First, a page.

Wow, the inner function's raise exception is caught from the outer function

Okay I was just about to ask a question on how to get this to work. But I figured it out on my own! I’m so happy :D. I could have sworn I tried this last year, but anyway:

def use_skill(t)
  if t == "Melee"
  	# bunch of code here
  	# bunch of code here, etc, etc
  	# code here, blah blah more asserts and checks, etc
  	puts "Ready to use the skill!"

rescue e
pp "Error using a skill: #{e.message}"

def assert_weapon_required()
	raise "Weapon not found"


This works perfectly. Instead of returning false within assert_weapon_required, I can just call a raise. And assuming if that raise is rescued, it acts just like an inline assert that stops the execution of code. For example, I don’t want any code below assert_weapon_required() to execute (if it fails).

This helps so much, because instead of having 5-7 extra lines of code from assert_weapon_required, I can just use 1 line (assert_weapon_required), and keep going. Makes the control flow and readability so much nicer, I love it.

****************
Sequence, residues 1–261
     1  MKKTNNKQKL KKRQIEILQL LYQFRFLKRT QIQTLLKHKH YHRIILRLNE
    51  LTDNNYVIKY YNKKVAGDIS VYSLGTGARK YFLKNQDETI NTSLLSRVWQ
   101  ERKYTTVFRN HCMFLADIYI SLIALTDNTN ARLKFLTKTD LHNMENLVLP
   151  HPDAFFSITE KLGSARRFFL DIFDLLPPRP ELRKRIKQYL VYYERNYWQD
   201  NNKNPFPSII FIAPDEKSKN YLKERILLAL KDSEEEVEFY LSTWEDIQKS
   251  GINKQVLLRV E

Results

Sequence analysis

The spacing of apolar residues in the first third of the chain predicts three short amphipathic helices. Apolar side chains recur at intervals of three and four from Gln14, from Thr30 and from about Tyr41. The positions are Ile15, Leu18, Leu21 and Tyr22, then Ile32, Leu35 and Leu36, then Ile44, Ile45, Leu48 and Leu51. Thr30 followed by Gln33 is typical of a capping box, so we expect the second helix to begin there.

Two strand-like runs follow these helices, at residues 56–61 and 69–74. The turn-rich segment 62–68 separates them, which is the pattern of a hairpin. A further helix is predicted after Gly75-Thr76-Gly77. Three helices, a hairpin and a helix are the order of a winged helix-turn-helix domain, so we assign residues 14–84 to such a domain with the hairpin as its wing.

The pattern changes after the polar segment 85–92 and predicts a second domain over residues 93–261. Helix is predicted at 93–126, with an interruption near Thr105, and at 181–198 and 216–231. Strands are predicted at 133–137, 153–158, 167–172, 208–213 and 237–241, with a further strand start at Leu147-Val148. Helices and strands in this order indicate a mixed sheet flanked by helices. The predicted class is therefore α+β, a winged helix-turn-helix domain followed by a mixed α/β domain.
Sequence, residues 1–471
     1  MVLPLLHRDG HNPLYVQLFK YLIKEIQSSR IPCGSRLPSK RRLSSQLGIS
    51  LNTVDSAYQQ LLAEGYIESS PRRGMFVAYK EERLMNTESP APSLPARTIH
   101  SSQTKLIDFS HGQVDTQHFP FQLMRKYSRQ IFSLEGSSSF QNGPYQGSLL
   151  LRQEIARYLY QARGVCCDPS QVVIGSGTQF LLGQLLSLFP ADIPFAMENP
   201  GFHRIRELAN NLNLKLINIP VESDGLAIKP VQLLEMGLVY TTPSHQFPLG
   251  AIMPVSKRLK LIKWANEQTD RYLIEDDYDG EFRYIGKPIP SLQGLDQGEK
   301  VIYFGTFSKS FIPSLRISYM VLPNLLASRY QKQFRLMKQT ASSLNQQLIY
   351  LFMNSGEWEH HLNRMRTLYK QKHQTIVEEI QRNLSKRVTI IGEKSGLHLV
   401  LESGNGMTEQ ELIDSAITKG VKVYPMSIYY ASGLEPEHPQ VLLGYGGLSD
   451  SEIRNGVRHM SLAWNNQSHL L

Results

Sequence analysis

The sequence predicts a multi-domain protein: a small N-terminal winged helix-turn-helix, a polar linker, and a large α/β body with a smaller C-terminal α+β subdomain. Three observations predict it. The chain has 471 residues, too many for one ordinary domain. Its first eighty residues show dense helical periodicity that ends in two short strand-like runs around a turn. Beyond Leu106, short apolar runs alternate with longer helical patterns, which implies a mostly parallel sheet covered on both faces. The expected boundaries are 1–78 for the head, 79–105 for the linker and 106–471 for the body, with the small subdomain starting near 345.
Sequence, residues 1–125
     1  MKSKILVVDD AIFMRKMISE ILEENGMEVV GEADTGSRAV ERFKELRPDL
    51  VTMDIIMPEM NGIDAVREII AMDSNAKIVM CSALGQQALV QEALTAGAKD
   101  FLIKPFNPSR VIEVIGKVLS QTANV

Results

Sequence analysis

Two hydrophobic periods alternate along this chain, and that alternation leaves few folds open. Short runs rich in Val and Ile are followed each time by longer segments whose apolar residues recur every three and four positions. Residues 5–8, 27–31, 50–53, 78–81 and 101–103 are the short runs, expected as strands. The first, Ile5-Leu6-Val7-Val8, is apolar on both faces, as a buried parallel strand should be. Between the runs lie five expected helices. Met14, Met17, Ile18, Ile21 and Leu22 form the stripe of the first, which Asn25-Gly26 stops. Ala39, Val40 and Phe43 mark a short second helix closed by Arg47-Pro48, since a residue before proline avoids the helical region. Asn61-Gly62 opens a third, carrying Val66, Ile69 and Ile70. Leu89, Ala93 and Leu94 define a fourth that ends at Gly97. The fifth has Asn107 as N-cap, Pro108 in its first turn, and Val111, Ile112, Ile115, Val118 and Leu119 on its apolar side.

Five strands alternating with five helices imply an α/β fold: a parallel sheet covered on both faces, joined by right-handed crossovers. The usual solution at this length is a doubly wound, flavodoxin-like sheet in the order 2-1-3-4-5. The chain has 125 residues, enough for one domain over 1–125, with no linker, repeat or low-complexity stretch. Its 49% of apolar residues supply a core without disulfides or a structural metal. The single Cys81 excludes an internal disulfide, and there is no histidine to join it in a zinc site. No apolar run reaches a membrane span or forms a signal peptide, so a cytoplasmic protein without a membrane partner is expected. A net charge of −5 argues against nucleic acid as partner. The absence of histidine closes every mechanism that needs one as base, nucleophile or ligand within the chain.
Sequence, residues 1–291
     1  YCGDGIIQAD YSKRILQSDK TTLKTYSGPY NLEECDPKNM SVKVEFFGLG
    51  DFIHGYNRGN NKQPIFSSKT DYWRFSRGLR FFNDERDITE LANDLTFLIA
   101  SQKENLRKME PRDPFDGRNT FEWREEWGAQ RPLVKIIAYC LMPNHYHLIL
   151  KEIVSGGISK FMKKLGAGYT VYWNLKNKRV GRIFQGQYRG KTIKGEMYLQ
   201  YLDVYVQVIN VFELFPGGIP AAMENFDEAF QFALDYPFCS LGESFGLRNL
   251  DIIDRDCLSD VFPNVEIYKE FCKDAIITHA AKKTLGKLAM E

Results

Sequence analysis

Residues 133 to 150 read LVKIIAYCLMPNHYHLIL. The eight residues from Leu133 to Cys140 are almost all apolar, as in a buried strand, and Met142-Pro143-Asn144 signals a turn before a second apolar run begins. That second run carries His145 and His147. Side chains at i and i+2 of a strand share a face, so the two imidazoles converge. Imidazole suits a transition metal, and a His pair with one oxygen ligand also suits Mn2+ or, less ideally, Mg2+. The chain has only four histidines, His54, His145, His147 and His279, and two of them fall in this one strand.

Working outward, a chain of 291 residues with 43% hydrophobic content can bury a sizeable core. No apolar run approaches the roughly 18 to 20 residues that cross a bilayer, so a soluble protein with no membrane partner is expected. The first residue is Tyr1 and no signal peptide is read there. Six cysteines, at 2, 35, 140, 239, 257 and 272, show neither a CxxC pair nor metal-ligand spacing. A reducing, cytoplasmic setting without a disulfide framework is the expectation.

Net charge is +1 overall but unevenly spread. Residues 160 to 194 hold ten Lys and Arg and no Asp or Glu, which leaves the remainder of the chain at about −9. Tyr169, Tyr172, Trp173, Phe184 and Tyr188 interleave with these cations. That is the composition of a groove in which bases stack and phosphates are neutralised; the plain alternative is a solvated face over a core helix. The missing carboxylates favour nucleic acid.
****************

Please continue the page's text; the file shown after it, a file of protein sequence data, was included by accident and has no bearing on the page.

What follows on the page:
It will help so much, because there are going to be a lot of asserts that have to be done. Here is a real world example and it’s already looking much nicer:

Gosh I love crystal

Note that raising exceptions is pretty slow process, so don’t use it for control flow in performance-critical code.

My gameserver code is littered with raises. I love exceptions. But I don’t know if it’s “performance-critical” lol